snow removal questions

Wayne Offiler

Junior Member
Looking for income this winter; but never got into snow plowing. (I did a search, and checked the snow plowing forum, but still looking for info, pls)
1) How do you figure rates? number of inches in conjunction with square footage?
2) Is it common to also clear walks and steps?
3) To minimize equipment investment, is it feasible to use a large snowblower (like 13 HP, 36"), or how about a garden tractor, like a Gravely or John Deere with snow thrower attachment in front. A friend is selling an older IH Cub Cadet with 36" snowblower and enclosed cab for $975. Thought that if I stuck to my average size residential account, this approach would be feasible. Any comments?

Eric ELM

Husband, Father, Friend, Mentor, Angel
If you use a tractor and snowblower, watch out for newspapers in the driveways all covered with snow. Shear pins will break right and left. A blower works good for small driveways. I do big driveways, but use the JD 430 for small areas and clean ups and it works good. I have a 48" blower, but only use it for deep drifts. We use the 54" blade on it mostly. If you use a blade, the power angle is nice to have and I can also put down pressure for scraping hard packed snow. The heated cab is also nice. If you want to see it, it's on my equipment page on my website. Click on my signiture or the little red house below.

Rates, we go by inches, 2 to 6" is one rate, 6" to 9" is more and keeps going up. We don't do sidewalks, just driveways.

I found out that bar tires are lots better than chains for doing driveways. Chains will mess up black top and concrete big time. I put 350 lbs. on the 3 point hitch and the cab I made is about 250 lbs, so with that and traction lock I have traction galore. I hope this helps.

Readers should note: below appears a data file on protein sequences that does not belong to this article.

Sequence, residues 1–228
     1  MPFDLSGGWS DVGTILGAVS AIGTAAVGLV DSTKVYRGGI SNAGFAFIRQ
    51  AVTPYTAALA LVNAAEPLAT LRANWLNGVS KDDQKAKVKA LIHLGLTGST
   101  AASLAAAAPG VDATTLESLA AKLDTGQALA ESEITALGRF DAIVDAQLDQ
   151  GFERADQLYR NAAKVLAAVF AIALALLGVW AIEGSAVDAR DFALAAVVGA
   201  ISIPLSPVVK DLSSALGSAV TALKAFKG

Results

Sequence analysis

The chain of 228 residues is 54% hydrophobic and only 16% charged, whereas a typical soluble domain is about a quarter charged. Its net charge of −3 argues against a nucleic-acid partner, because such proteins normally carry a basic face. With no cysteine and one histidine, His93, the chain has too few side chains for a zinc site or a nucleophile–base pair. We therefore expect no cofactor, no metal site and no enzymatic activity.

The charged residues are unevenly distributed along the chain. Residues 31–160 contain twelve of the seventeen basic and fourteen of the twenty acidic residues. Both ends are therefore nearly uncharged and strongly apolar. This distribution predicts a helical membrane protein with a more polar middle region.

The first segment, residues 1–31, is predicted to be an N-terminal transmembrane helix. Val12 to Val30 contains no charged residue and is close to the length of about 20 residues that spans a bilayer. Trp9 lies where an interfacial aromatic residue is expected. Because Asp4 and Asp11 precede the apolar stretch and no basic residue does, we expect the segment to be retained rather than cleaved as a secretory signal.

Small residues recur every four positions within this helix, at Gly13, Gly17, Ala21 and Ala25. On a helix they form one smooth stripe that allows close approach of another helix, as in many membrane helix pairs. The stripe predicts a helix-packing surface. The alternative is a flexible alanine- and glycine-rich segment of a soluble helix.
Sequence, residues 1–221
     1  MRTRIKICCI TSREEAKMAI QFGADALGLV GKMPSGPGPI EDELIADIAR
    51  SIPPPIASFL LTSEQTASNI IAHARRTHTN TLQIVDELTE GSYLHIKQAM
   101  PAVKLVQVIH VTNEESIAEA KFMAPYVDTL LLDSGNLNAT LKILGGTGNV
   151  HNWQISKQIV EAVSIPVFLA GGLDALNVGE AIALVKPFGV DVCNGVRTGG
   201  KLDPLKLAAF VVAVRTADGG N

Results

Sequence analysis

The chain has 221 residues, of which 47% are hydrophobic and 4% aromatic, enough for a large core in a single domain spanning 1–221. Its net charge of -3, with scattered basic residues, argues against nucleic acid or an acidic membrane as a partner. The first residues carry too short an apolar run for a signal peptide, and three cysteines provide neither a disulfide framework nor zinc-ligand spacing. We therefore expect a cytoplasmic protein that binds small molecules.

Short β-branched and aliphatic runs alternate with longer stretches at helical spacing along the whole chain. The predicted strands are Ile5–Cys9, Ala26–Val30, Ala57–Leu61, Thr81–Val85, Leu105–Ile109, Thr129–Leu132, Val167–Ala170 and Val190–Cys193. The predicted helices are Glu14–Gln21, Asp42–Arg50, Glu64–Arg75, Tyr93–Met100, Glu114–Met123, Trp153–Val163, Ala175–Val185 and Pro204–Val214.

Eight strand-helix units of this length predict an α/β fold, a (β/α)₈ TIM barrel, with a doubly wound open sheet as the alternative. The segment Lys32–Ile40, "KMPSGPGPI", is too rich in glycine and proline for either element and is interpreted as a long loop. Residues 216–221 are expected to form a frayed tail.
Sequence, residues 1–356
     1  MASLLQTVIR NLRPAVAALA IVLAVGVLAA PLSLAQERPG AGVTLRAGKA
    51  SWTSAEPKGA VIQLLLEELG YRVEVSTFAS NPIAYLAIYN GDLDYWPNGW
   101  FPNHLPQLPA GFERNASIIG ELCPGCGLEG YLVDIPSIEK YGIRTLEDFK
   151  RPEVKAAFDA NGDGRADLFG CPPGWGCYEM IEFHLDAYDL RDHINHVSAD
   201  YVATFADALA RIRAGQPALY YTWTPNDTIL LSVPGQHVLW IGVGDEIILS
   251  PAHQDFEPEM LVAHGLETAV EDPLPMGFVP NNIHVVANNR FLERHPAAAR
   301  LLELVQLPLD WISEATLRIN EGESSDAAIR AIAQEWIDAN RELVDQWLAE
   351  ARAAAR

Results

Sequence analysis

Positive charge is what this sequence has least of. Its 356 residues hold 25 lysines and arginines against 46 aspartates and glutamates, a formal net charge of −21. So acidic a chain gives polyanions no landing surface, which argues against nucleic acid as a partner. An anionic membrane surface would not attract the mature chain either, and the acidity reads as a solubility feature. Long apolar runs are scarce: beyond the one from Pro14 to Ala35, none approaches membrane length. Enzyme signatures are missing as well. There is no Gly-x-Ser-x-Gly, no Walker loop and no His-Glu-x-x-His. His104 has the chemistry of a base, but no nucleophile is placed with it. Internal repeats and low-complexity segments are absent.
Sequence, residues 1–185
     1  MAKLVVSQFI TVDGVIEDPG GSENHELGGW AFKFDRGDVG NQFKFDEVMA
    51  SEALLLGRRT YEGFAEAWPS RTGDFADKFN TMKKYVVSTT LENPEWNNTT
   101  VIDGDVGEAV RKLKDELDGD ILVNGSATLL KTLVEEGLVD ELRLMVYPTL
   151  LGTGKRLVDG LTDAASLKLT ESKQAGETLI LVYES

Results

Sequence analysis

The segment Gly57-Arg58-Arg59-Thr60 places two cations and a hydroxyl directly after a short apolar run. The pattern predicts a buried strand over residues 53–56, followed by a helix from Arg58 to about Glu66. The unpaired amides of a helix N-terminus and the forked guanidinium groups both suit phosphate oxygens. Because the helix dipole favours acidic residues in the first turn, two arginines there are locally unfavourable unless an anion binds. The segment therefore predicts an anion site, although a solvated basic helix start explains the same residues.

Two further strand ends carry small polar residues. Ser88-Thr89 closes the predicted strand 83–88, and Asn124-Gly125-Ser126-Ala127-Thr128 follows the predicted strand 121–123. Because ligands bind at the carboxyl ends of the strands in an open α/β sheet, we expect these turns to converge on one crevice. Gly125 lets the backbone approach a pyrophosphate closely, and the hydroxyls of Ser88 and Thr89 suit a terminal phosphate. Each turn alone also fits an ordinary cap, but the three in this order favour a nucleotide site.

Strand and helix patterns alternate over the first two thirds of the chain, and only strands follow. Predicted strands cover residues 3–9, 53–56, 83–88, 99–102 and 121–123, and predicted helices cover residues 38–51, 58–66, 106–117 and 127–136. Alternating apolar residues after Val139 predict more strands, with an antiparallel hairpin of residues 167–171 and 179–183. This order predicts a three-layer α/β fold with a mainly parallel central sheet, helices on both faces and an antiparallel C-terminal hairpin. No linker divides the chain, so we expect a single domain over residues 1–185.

Junior Member
charge by the hour its the best way
do siedwalks its where the money is
home owners drives and walks you make money
use a small blower eaiser to take off the truck
scoop in sometimes faster than a blower
biggest bad thing about winter you cant leave and always on call

thelawnguy Addict
Central CT
I started out doing snow with that thinking, then got into commercial establishments which pay by the season, quite frankly if I never do another sidewalk or driveway it will be none too soon. One commercial job bid right will pay you more in a snowless month than a whole street of driveways during blizzard season. Less overhead too ;)

John Allin Addict
Erie, PA
You CAN make money at residential plowing. There is a guy in Syracuse that does predominantly residential plowing and is generating over $165 per hour per truck in revenues (although is is charging 'per occurrence'). Sidewalk work takes considerable effort, and most people perceive it to be a pain in the butt, however - if you can make money at it, go get it. Most guys I know that don't like doing sidewalks, charge an arm and a leg and continue to secure business and just have to take the profits and live with it. Plow operators usually don't want to get out of the trucks, so a dedicated sidewalk crew may be necessary. THAT takes organization and a dedicated group of employees. Good luck. If you view it as a profit center, you can make good money at it. Treat it like a business, think of yourself as a professional (which you are), treat customers with respect and be honest.